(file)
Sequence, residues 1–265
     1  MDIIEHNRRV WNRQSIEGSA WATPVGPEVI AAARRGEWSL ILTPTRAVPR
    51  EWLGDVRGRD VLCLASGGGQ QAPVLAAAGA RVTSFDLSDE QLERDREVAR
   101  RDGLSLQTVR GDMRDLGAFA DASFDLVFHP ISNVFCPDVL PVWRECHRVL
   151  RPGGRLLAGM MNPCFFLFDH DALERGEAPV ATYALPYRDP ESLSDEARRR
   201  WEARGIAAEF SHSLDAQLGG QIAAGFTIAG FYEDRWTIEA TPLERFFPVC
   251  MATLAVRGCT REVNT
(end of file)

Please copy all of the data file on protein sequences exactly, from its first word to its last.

Sequence, residues 1–265
     1  MDIIEHNRRV WNRQSIEGSA WATPVGPEVI AAARRGEWSL ILTPTRAVPR
    51  EWLGDVRGRD VLCLASGGGQ QAPVLAAAGA RVTSFDLSDE QLERDREVAR
   101  RDGLSLQTVR GDMRDLGAFA DASFDLVFHP ISNVFCPDVL PVWRECHRVL
   151  RPGGRLLAGM MNPCFFLFDH DALERGEAPV ATYALPYRDP ESLSDEARRR
   201  WEARGIAAEF SHSLDAQLGG QIAAGFTIAG FYEDRWTIEA TPLERFFPVC
   251  MATLAVRGCT REVNT